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How Can the Government Create Jobs While Simultaneously Getting Smaller?

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There are people out there who, in my opinion, are talking out of both sides of their mouths when it comes to jobs and unemployment. It seems to be the same contingent that wants smaller government who are also upset (with our government) for not doing more to spur job growth. For the life of me I cannot understand this argument. To be honest, it feels to me like they are angry for the sake of being angry.

Our unemployment rate is just under 8% which, by most standards, is still higher than it needs to be and “unacceptable” for an economic recovery. But to what are we comparing it? Historical norms? Unemployment averages more than 11% in Europe today. “But where are the jobs!??!” I heard someone angrily shout on CNBC yesterday – whose responsibility is it to provide jobs to folks who need them? Seriously, that is my question. Is that the government’s job? If that’s the case, how can they create jobs (think improvements to roads, bridges, tunnels, etc.) but shrink in size simultaneously?

“The government needs to get out of the way of private enterprise so we can go about our business.”

How is the government in anybody’s way? I started a new business last year in the State generally regarded as the most onerous to do so. I have had literally no interference from the big bad wolf that is Uncle Sam. In fact, I was shocked at how inexpensive and smooth most of the process was. Some of it was time consuming, but it was all understandable and reasonable.

“But what about the increase in payroll taxes and healthcare costs??”

This is a legitimate ‘complaint,’ if you want to call it that, but only because payroll taxes and healthcare costs have technically gone up. Is this really the government’s fault?  Should the costs of such things always go down over time? Should things just get easier and easier with no potential risks or drawbacks? Whose job is it to ensure that is the case? Is that the government’s job?  But I thought we wanted them to be smaller….?

“Our fiscal policy is going to get us in trouble.”

The above statement applies to the money printing and artificial reduction in interest rates (Quantitative Easing) our Federal Reserve has implemented for the past four years. In my view, this has been a very positive example of government “getting in the way,” which has afforded millions of Americans the ability to refinance both residential and commercial mortgages and for companies to reduce their cost of capital. Private companies have more free cash flow as a result of the policy and record cash hoards – it is up to THEM to decide how to invest it (hiring, spending, research and development, mergers and acquisitions, etc.). Balance sheets in the private sector look better than ever, and if companies still aren’t hiring people….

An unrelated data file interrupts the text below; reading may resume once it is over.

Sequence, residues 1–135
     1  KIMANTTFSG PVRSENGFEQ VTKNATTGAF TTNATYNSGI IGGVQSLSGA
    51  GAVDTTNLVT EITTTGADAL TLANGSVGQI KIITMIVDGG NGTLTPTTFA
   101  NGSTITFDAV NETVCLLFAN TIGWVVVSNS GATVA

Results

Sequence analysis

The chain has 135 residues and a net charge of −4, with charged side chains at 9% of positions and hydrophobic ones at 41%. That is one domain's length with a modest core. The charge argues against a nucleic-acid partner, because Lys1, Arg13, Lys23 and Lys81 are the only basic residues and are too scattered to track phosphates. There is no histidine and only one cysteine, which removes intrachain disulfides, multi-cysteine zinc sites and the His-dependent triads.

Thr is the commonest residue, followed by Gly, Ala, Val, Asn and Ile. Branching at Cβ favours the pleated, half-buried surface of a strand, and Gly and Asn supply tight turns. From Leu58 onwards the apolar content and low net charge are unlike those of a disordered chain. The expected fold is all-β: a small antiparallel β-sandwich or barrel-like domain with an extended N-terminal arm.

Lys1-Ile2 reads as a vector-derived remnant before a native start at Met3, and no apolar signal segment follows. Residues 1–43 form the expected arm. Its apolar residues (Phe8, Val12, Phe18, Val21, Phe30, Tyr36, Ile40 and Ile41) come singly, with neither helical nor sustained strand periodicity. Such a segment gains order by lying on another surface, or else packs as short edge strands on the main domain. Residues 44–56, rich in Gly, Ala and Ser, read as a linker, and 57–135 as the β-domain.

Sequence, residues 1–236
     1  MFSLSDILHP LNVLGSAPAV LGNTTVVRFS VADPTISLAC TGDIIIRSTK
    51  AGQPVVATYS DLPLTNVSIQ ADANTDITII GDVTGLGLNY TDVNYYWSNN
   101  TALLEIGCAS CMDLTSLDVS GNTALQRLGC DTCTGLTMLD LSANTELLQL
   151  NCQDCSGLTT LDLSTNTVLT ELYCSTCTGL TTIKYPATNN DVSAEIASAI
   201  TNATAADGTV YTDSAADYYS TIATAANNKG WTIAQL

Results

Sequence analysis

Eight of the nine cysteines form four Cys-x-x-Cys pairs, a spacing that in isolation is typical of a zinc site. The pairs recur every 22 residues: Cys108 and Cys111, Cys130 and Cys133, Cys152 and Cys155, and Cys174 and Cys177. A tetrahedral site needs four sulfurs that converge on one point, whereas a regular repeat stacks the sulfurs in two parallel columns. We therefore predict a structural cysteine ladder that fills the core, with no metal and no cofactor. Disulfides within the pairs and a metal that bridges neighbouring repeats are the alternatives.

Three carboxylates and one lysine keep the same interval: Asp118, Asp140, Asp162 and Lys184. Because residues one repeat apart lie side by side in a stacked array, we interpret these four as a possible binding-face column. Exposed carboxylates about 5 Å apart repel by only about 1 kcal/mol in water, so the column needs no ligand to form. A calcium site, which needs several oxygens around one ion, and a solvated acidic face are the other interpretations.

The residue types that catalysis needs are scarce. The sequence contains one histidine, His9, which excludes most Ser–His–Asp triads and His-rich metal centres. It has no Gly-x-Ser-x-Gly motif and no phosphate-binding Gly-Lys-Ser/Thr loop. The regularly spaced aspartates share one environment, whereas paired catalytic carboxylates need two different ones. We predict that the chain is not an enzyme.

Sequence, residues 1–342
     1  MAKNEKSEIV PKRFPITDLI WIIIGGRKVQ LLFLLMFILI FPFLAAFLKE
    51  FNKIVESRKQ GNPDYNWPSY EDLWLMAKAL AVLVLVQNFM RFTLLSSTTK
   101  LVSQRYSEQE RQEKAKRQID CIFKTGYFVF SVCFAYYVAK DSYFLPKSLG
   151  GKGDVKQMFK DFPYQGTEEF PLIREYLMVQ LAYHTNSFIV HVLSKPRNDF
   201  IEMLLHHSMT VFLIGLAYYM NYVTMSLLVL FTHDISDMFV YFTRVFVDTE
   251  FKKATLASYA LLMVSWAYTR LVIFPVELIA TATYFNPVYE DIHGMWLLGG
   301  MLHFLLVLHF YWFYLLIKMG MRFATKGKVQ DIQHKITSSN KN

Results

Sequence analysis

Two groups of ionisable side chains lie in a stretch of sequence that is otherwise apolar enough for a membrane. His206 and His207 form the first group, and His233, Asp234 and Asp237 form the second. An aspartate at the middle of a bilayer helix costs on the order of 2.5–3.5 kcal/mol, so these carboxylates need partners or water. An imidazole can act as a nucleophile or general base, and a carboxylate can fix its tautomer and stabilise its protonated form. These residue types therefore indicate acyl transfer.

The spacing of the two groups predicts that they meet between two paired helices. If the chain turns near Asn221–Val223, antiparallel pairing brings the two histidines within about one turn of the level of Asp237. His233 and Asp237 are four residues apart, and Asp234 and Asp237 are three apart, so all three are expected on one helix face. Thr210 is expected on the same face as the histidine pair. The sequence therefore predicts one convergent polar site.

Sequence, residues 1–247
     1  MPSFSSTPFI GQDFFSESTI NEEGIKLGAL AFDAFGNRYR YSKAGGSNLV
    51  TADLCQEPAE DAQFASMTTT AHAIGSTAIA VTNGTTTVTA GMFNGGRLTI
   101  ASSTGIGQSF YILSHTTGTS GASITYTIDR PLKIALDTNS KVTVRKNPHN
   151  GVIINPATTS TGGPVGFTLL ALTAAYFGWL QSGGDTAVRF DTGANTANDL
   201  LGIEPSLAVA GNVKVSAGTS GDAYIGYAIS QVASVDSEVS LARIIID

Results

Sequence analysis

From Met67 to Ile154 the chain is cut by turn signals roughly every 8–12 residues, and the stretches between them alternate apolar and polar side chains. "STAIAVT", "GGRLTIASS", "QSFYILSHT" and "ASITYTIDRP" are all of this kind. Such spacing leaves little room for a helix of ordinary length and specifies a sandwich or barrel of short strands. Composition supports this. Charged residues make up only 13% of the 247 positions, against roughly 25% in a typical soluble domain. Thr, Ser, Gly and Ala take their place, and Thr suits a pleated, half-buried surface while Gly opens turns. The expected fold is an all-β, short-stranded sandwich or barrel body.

The Department of Redundancy Department

Companies have become more profitable since the Great Recession, on a per share basis, by laying people off in droves and then realizing they are actually better off without them. In Europe they call lay-offs “redundancies” and this term can be taken quite literally.  If you are not a necessary commodity by your employer’s standards, you may be considered redundant. Does this sound cold, calculated, and even shrewd? Consider a segment on ’60 Minutes’ a couple weeks ago that explores the increasing role computers and robots are playing in our work force.

So what are we really angry about? Are we angry that things haven’t turned out the way we thought they “should?” Probably. Are we scared that our future generations may not have it as good as we did/do? For sure. Are we upset that we just may not have anybody to blame, or even worse that we ourselves may be at fault in some way? That’s my guess.

I think it’s time to quit playing the blame game. It’s boring. It’s time to get back up. It’s time we as a nation made the decision to be great again. Maybe Sylvester Stallone was right….

Maybe….? Let’s stop complaining and get back to what’s important.

Have a great weekend!

Adam B. Scott
Argyle Capital Partners, LLC

www.argylecapitalpartners.com
10100 Santa Monica Blvd, #300
Los Angeles, CA 90067
(310) 772-2201

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